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Speeches and Testimony

Donna Tanoue
Federal Deposit Insurance Corporation

before the
Annual Convention
America’s Community Bankers

Chicago, Illinois
November 3, 1998

Good morning -- it is a pleasure to be with you here in Chicago.

I am pleased to participate in the upcoming panel moderated by Bill Fitzgerald. Skip Hove -- the FDIC’s Vice Chair, a lifelong community banker and Bill’s fellow Nebraskan -- tells me that Ellen and I are in good hands.

I am also pleased to be here with my colleague -- OTS Director and FDIC Board member Ellen Seidman. As Chairman, I can tell you firsthand how much Ellen brings to the Board. Intellectually alert and analytical, articulate, dynamic and opinionated -- she is a source of strength on our Board.

As I prepared for this convention, I could not help but reflect on how much has changed since I was a state regulator for thrift institutions in the 1980s. Even the smallest institution today must operate in a global financial marketplace. We have truly national financial institutions today -- institutions that operate throughout the United States.

And financial modernization is less and less about the promise of tomorrow and more and more about opportunities and the brutal reality of competition today.

We are also still enjoying a seven-year economic expansion, but this is no time for complacency. As of mid-year, there were only 64 commercial banks and 18 thrift institutions on the FDIC’s problem list, compared to the almost 1,500 that were on the list in 1990. The Bank Insurance Fund has a record balance of $28.9 billion and the Savings Association Insurance Fund has a balance of $9.6 billion.

Today, 92 percent of the members of the Savings Association Insurance Fund are in the best capitalized and best managed category of institutions in our risk-based premium system. That means that 1,354 institutions pay no premiums into the SAIF for insurance coverage.

Today, 95 percent of the members of the Bank Insurance Fund are in the best or "1A" category. That means that 8,808 institutions pay no premiums into the BIF.

In recognition of the strong financial condition of the banking industry, the FDIC Board of Directors last week voted to maintain the current assessment rates for both funds during the first half of next year.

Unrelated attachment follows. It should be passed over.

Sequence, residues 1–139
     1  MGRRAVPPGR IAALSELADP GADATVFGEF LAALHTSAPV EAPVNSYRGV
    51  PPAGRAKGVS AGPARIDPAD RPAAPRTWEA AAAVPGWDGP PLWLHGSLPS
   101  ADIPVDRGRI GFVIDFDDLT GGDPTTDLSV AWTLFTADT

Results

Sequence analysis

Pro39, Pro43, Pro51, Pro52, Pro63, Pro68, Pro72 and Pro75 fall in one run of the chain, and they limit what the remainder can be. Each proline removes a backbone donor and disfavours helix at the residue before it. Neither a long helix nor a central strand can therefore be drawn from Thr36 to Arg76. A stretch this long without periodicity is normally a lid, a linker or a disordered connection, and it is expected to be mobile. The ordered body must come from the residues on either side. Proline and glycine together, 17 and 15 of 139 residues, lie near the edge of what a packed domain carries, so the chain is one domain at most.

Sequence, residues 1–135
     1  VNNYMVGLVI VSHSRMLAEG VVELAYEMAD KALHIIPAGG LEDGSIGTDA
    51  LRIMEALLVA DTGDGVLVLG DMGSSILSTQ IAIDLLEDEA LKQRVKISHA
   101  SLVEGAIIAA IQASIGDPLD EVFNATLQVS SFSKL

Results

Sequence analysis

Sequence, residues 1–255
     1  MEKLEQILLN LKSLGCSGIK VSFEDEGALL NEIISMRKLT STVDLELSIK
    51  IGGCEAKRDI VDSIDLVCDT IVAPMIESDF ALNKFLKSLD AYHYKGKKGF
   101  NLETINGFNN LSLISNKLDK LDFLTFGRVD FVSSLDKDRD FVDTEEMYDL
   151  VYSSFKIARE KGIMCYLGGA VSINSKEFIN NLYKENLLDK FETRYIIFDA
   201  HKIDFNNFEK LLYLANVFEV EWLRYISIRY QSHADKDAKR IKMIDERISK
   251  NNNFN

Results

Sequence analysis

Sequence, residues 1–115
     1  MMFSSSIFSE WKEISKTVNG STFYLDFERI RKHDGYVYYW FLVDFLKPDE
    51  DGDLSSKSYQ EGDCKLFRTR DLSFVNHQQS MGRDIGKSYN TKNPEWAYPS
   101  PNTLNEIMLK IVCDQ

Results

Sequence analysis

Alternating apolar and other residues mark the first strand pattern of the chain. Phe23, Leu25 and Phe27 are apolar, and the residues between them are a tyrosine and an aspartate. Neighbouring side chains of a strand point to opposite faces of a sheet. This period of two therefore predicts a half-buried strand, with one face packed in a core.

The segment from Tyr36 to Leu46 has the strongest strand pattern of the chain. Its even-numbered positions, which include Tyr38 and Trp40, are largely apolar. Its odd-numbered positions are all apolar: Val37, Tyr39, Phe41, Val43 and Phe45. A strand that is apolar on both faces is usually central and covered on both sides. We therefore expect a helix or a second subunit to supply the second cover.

With that background on the funds, I want to talk with you briefly about three issues involving deposit insurance:The first issue deals with the FDIC’s effort to refine the risk-based premium system. The second is the Savings Association Insurance Fund special reserve.

And the third is preparing computer systems for the Year 2000 date change.

Let’s turn first to the refinement in premiums.

As you know, the reasoning behind our system of risk-based premiums is simple -- and fair: The greater the risk that an institution poses to the deposit insurance funds, the higher the premium it should have to pay. Of course, the smaller the risk an institution poses, the lower the premium it should have to pay.

Not only is this fair, there are also policy considerations to risk-adjusted deposit insurance premiums. Risk-based assessments provide a financial institution with a modest financial incentive to avoid taking on undue risk. And they thereby lessen the moral hazard that is created when we provide a safety net for our banking system.

How sensitive to risk should deposit insurance premiums be? As sensitive as practical.

I noted several weeks ago that, despite concerns about increasing risk in banking, there has been no increase in the percentage of institutions classified into the riskier categories of our premium system, and I announced that I have asked the FDIC staff to look into a number of possible explanations, including this one:

Are supervisors identifying institutions whose condition is good, but whose practices make them "outliers" in terms of underwriting, concentration of risk, or undisciplined growth?

If these institutions are being identified, they should be asked to pay -- through deposit insurance premiums -- for the risks they pose to the rest of you.

The FDIC is talking with the other regulators to find ways to refine existing procedures to assure that we consider risky practices fully and consistently.

Today I will update you on the preliminary approaches that the FDIC staff is exploring to reconcile risk-adjusted premiums and the greater risks that "outlier" institutions may be taking on.

Specifically, the FDIC is asking the question:

Are there any insured institutions rated 1 or 2 under the CAMELS rating system that warrant a rise in their premiums because their banking practices jeopardize their financial condition?